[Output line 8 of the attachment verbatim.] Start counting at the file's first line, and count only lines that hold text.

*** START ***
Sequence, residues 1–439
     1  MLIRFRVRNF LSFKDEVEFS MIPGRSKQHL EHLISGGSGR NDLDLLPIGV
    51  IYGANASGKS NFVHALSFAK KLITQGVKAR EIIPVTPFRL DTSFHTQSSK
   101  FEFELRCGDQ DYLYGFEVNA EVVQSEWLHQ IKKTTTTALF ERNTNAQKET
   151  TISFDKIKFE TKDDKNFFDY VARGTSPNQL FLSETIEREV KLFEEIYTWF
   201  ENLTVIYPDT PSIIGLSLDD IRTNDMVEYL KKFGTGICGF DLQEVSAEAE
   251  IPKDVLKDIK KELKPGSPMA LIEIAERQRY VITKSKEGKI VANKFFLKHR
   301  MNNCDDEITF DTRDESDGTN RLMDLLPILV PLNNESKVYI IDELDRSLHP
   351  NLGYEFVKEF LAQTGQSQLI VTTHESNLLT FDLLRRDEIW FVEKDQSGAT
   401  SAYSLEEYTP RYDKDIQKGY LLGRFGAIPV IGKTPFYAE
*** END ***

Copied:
   301  MNNCDDEITF DTRDESDGTN RLMDLLPILV PLNNESKVYI IDELDRSLHP